Family of nine terrapins dumped near Northamptonshire canal would have 'decimated' wildlife, says RSPCA

The RSPCA say they had "no choice" but to put down a family of yellow-bellied terrapins dumped by a canal near Northampton at the risk of "untold damage" to wildlife.

Saturday, 26th May 2018, 7:00 am
Updated Friday, 8th June 2018, 8:51 am
A family of nine terrapins were discovered on the banks of a canal in Blisworth.

The nine fresh-water turtles were spotted by two joggers on the banks of a canal in Blisworth this week (May 22).

Each reptile was the size of a dinner plate and some could have been up to 30 years old.

But under UK law, the yellow-bellied terrapin is listed as an "invasive, non-native species" and releasing them into the wild can be punished with a fine of up to £5,000 or two years in prison

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The yellow-bellied terrapin is native to swampy ecosystems like Florida.

Local resident Andrew Carter, who collected the turtles and cared for them while waiting for the RSPCA, said: "They're voracious eaters. They will eat anything they can get their beaks on. They'll take a duckling, frogs, weeds, tadpoles, even a pigeon.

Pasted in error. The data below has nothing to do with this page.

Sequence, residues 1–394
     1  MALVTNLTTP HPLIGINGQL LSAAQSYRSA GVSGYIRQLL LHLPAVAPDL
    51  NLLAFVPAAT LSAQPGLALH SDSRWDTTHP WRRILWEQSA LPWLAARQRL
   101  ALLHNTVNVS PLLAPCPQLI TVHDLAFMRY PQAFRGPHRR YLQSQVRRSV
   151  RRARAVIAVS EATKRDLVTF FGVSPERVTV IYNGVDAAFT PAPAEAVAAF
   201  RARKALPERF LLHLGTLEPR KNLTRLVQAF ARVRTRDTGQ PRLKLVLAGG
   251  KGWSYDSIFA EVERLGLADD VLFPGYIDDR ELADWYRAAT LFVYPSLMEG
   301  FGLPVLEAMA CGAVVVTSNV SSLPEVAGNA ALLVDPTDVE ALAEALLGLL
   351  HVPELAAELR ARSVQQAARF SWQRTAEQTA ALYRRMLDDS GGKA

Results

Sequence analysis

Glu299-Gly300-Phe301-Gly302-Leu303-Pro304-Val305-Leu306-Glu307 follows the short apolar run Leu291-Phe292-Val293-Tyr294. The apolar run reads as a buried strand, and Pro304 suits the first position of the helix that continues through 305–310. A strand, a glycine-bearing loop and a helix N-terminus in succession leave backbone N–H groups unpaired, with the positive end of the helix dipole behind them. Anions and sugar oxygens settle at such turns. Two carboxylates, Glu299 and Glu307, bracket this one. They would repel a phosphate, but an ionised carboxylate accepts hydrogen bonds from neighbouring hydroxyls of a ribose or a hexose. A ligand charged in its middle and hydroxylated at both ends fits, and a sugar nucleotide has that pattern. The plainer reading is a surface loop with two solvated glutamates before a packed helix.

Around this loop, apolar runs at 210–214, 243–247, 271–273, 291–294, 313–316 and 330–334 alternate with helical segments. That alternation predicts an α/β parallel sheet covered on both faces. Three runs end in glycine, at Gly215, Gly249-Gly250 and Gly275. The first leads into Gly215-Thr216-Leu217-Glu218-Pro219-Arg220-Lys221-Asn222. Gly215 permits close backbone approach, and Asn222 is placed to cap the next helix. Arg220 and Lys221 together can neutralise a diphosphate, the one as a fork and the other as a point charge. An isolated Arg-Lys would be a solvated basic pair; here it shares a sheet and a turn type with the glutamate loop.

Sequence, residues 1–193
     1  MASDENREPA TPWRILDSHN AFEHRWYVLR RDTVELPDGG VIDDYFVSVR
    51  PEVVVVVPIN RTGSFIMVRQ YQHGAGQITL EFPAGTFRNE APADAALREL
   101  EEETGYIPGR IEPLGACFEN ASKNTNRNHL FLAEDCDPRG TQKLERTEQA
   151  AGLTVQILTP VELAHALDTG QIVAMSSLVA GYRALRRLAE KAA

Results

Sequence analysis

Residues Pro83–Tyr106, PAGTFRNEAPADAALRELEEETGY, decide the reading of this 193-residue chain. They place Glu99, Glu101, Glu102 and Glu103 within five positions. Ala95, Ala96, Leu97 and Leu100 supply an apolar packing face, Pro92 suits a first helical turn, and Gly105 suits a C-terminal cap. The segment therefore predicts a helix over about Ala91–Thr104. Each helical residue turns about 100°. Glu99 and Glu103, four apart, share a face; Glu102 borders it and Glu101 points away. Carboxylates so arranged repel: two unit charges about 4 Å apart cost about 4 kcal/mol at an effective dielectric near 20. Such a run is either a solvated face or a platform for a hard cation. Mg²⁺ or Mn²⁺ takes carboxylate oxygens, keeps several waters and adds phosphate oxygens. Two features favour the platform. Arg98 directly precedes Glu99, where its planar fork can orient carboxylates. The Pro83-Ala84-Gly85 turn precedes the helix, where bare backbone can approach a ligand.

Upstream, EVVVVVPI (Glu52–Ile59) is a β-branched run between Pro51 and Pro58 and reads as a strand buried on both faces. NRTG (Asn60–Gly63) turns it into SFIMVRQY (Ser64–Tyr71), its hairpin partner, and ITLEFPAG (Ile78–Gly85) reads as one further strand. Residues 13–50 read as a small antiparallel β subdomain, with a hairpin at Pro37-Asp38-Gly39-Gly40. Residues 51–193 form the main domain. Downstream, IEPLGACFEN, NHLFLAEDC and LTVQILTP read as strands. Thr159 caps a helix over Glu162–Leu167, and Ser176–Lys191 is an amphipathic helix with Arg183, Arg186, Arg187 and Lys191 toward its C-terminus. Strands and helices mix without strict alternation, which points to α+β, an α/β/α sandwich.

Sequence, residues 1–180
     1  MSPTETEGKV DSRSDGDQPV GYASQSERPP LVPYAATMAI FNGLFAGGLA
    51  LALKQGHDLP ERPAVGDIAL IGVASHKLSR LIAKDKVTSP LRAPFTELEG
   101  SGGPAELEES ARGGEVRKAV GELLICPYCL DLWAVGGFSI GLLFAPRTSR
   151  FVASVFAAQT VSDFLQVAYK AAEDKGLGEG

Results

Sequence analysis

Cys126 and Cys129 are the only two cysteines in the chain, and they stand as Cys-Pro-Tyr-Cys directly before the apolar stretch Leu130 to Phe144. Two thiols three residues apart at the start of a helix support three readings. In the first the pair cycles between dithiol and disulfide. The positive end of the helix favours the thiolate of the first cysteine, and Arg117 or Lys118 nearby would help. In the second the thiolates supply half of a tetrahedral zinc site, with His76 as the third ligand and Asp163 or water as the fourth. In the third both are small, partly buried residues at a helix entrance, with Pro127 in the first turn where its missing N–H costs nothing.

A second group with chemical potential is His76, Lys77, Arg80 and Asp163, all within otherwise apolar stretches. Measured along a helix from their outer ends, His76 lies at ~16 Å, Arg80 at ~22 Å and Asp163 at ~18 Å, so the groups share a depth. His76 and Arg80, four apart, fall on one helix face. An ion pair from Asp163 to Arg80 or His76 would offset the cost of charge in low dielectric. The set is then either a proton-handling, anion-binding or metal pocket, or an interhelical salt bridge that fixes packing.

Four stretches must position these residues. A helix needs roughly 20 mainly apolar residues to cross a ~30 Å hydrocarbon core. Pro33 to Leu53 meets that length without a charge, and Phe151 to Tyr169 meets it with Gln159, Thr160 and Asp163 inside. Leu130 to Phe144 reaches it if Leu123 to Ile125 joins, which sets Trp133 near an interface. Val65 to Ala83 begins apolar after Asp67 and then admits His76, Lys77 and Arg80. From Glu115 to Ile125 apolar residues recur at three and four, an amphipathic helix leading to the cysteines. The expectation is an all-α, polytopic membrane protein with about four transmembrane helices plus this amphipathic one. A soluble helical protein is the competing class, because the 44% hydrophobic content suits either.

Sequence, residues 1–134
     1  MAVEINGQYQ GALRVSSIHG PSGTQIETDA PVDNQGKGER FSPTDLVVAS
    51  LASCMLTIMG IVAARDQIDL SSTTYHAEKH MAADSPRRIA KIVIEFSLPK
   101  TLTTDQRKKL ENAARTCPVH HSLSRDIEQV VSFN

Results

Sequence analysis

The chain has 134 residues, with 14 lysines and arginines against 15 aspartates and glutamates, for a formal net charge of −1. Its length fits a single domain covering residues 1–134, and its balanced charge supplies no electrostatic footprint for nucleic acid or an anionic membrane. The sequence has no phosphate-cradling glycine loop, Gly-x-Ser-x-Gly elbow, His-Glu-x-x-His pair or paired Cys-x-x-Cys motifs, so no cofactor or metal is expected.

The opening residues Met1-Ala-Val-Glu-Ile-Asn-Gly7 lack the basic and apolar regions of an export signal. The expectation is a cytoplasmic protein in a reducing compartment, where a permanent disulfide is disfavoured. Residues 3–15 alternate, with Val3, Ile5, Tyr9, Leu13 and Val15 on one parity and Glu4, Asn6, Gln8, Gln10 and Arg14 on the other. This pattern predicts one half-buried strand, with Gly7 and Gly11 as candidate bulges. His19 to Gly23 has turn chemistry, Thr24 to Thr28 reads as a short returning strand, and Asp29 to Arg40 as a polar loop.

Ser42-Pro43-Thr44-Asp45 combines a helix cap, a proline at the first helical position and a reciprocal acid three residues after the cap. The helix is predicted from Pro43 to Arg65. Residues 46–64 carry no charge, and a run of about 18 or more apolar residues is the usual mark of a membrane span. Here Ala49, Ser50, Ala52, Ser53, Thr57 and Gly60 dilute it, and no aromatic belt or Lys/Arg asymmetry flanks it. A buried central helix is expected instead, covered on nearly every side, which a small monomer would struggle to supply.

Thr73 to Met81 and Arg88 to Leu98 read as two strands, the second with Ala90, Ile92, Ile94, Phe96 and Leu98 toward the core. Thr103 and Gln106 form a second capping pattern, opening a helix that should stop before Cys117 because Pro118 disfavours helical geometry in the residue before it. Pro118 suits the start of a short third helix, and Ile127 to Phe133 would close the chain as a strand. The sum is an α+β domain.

"If they had got into the water they would have caused untold damage.

"Many people bought them as pets during the Teenage Mutant Ninja Turtle craze. But they don't know they live decades and have enormous appetites. They are often dumped when they become inconvenient."

The yellow-bellied terrapin is native to Florida and thrives in swampy conditions.

However, the yellow-bellied terrapin is listed as an "invasive, non-native species" in the UK and are "voracious" eaters of local wildlife.

A RSPCA officer collected the Terrapins - but all nine had to be euthanised the same day.

The RSPCA officer who collected them said: "Terrapins can literally decimate local wildlife in the UK. It's not rare to see a duckling snapped up by one.

"They are endemic. You'll be hard-pressed not to go to one pond or river in England and not find a terrapin.

"Even if they could be rehomed, they could not be sold as pets and we could not expect any centres to accept nine fully-grown terrapins."

Andrew Carter suspects they were bought as pets during the Teenage Mutant Ninja Turtle craze in the 80s or 90s - but became inconvenient to their owners.

The RSPCA say they are forced to destroy hundreds of illegal species every year in the UK - many of which were likely once pets that became unwanted.